Puican’s focus on the city, its people and underbellied spaces, pays homage in the tradition of the great Chicago masters: Carl Sandburg, Gwendolyn Brooks, and Campbell McGrath. This contemporary Chicago son finds his own place with lyrical integrity.
“In Mike Puican’s striking debut, Central Air, poems not only question our surroundings but allow our surroundings to question us—Chicago becoming as central a character as any other. With vivid imagery and a fine control of rhetoric, Puican’s poems are as strong giving life to a bar joke as they are representing the challenges of addressing the divine.” —C. Dale Young, author of The Affliction: A Novel in Stories
"Mike Puican’s poems are stern, compressed, and unsentimental. But they are also big-hearted and empathic, even when their evocations of human failing are at their most acute. The poems succeed through an unobtrusive mastery of craft, surprising turns of imagery, narrative precision, and an unerring consistency of voice. The book is also a masterly evocation of contemporary Chicago, a worthy successor to collections such as Sandburg's Chicago Poems or Brook's A Street in Bronzeville. This is notable company indeed." —David Wojahn, author of Interrogation Palace: New and Selected Poems 1982-2004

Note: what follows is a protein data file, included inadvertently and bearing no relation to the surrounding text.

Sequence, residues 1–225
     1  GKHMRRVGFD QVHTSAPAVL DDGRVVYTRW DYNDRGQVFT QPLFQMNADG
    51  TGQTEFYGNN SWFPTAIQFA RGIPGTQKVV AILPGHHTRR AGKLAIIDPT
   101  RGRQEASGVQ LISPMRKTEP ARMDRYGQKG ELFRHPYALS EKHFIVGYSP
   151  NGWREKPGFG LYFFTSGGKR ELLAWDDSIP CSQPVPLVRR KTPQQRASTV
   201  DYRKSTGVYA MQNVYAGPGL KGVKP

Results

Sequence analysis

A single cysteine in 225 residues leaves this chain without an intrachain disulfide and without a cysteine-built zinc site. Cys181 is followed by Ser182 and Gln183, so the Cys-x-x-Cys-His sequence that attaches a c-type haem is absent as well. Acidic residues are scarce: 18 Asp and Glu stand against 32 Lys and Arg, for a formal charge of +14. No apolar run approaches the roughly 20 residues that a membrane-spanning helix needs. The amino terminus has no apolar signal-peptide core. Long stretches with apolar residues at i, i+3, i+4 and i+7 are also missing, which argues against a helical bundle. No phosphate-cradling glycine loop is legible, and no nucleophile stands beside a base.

"Mike Puican's Central Air is filled with vividly exuberant and deeply empathetic images of life. He has shaped the cheer and sorrows of hundreds of human moments into a bright constellation of poetic energy and inventiveness. His way of capturing spiritual as well as carnal intensities is striking and original. What a great debut! And a great Chicago book, as well." —Reginald Gibbons, author of How Poems Think
“When I read Mike Puican’s Central Air, I can feel Chicago in my bones like hot sidewalks and gridded streets. Here is a Midwest crooner with a river of Red Line in his blood. Here is a catechism of Father-prayers and tenement doorways. Reader, ‘Tonight the crack in the asphalt is speaking to me,’ and its voice is wonderment wandering from Mike’s town to yours. Wherever you are, open these pages to find a map back to a place where the wind is ruler of everything it touches, a place that ‘twists its way into our hearts.’” —Tyehimba Jess, author of Olio
“Here we have it—keenly addictive chronicles of the Chicago poet and his Chicago brethren, living their just-ain’t-no-livin’-like-this Chicago lives against that utterly iconic Chicago backdrop. Mike Puican’s homage to that most relentless of cities is nothing less than revelatory, and the poetic landscape will have to shift in appreciation.” —Patricia Smith, author of Incendiary Art (Northwestern, 2017)